Tedra Kirby, communications specialist and Communications & Marketing Manager at the St Vincent and the Grenadines Community College.
March 12, 2021
Tedra Kirby: Miss-Communication part 2

by Heidi Badenock

In part 2 of Miss-Communication with Tedra Kirby, we continue the discussion on the status of communications in the context of the Vincentian society.

Q: As a communications specialist, do you have a wish list for public communication in St Vincent and the Grenadines?

“Of course, there are so many things… I would like to see timely communication, the overall quality of the delivery improved, [and] new and innovative ways to deliver information being introduced. Given the developments in technology and how much more significant of a role social media plays in distributing news and communication, I would love to see more technology being incorporated…especially in SVG where the younger population is not a reading population…Leaders within or country, our organisations, businesses, communities, need to integrate communication into their overall operational strategies. That is what I would like to see…”

Q: What are the benefits of incorporating communications into the overall operational strategy?

“There are several benefits, one would definitely be that you are more inclined to have a more effective way of communicating with your audience…The communications person helps you to mold that message…They are likely to increase the possibility of your message being successfully received in that the response you want from your audience is the response that you get.
Secondly, when you have that person involved in your decision making, the person is also able to act as a tracker…That person will act as a bridge between you as a business and your consumers.”

Q: Is there a communication model that you think we need to follow in SVG?

“There isn’t a set model that I think we need to follow, what I will say is that there are core things that regardless we should follow…and these are things the average A’Level student can tell you. You first have to know why you’re communicating, you need to know who your audience is, you need to ensure that you know what you want their response to be, you need to know exactly what you’re communicating and the best medium to use to get this message out, and you also need to ensure that you choose the correct context in which the communication occurs.”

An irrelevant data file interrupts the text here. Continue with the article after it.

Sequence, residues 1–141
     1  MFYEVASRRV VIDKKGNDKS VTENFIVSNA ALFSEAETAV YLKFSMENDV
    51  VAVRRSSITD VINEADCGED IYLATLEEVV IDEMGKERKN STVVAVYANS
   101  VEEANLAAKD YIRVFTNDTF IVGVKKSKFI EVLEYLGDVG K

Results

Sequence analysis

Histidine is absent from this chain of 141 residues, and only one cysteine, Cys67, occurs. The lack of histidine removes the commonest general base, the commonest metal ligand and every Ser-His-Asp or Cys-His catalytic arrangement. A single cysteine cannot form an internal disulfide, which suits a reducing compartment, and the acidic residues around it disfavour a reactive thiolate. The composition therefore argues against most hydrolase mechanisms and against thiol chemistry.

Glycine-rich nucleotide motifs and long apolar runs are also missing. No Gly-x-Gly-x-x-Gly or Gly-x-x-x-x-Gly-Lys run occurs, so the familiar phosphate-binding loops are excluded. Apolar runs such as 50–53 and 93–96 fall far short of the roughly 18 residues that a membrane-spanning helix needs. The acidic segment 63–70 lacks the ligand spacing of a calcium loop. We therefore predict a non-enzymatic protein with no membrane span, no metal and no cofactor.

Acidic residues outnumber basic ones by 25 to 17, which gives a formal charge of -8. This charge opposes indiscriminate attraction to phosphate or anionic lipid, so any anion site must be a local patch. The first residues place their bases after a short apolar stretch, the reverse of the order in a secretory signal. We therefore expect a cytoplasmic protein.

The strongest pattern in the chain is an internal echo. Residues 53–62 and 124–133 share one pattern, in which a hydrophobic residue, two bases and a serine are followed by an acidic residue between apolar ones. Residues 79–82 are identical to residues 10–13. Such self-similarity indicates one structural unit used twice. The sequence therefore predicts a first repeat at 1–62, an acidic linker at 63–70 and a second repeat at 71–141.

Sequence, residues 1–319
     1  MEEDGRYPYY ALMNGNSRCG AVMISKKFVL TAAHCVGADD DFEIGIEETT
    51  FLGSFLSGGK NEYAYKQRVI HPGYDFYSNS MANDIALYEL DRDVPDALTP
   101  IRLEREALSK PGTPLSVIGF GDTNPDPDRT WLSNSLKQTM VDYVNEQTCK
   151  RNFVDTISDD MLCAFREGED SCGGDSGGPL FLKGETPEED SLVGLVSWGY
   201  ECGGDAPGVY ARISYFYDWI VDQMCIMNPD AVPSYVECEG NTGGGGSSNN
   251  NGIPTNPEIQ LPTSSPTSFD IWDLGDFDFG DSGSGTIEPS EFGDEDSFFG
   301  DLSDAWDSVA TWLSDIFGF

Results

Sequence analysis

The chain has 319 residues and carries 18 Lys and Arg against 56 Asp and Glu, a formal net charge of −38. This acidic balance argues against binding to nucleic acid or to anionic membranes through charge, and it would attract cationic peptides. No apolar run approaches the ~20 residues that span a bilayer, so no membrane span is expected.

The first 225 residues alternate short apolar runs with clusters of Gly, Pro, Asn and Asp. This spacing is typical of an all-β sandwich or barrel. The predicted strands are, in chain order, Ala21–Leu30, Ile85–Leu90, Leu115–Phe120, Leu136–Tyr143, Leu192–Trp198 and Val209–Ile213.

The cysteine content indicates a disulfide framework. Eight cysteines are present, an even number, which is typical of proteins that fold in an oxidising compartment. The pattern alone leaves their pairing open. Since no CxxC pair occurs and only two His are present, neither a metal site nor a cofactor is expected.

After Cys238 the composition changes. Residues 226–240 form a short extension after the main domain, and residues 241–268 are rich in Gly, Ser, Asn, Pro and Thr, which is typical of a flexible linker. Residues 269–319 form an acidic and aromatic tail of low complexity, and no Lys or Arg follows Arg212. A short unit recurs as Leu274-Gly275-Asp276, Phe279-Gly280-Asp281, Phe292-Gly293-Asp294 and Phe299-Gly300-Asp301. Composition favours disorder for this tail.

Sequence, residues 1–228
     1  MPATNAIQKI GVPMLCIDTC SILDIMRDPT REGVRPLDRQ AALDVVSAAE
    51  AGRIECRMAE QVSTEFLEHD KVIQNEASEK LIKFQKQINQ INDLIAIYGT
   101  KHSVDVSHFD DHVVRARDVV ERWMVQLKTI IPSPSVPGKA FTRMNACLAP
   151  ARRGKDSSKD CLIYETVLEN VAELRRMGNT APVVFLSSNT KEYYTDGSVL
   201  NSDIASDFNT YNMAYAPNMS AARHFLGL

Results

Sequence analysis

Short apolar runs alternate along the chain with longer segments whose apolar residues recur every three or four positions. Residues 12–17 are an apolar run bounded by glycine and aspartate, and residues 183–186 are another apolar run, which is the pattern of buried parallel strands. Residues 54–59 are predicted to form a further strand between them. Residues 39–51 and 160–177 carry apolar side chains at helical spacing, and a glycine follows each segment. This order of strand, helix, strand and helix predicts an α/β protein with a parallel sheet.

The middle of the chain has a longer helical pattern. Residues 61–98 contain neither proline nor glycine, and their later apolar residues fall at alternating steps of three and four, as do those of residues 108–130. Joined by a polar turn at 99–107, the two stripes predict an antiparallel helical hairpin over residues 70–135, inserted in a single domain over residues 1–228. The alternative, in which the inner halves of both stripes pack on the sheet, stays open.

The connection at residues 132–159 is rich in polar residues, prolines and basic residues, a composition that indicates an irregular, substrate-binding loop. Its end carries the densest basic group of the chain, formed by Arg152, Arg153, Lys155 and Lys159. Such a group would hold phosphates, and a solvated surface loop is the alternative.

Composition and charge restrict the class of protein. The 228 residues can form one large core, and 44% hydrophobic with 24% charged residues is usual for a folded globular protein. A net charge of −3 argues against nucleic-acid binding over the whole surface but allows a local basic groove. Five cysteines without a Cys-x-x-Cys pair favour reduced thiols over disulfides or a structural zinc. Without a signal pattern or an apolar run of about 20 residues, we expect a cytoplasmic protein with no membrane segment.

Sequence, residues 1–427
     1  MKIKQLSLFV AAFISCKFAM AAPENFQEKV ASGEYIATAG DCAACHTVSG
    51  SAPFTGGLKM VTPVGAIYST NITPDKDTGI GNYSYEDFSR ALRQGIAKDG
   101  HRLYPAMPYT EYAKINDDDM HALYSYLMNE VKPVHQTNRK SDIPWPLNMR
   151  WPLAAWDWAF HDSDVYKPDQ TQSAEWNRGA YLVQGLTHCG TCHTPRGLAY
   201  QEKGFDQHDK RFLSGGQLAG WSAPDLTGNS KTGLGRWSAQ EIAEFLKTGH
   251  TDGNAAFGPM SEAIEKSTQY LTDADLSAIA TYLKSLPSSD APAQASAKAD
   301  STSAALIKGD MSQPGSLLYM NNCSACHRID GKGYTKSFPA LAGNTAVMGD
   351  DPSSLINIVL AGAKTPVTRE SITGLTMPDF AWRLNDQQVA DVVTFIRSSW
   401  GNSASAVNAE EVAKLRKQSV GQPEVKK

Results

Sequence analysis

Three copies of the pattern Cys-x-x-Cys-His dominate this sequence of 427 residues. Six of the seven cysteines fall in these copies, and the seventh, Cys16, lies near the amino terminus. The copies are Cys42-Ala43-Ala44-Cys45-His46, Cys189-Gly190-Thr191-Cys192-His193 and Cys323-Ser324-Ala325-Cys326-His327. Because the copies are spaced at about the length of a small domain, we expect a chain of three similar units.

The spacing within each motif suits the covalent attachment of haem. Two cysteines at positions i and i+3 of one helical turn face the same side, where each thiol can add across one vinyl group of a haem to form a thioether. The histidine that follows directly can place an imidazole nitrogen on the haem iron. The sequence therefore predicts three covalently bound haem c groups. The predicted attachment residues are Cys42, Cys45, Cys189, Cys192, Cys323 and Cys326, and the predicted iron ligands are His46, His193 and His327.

Q: Do you think that we follow these core communication elements?

“… I think they often forget the elements, particularly the audience and it’s not just understanding that the audience is the Vincentian public, that’s very vague, but what is the educational background of the people in your audience, what is their level of comprehension, what are they likely to already know about the particular subject, what is it that you want them to know, what is it that you want them to do and the most effective way to get them to do this?…I think there is a need to go back to the basics, to remembering the elements required for successful communication.”

Q: In the context of Covid-19, if you had to pick one country as having handled the communication aspect of Covid-19 well, what would it be?

“There are two…One of the early countries that impressed me was Jamaica, particularly the visibility of Andrew Holness during the entire thing and visible leadership is important in any crisis because Covid-19 to me is a crisis. It’s a huge communications crisis and the way the information was brought out and the way it was integrated, the frequency of the press conferences and answering core questions…for me that was really impressive. Also, there is Barbados. Barbados’ ministry of health…the way they speak to the public before they implement anything is impressive. Rather than tell us ‘ok we have implemented this’ I see that Barbados’ approach has been ‘ok this is what we’re going to do, these are the stages in which we are going to do it and this is why we’re doing it’. So Bajans are having an easier time following the developments, following what is happening, they are given great detail in their press conference… Barbados and Jamaica, I have been impressed with the simplicity and effectiveness of their communication and the synchronisation of the communication during this whole Covid situation. This is just the Communications aspect though, the other aspect of their management of Covid itself is another conversation.”

l The final installment of ‘Miss-Communication with Tedra Kirby will be published next week.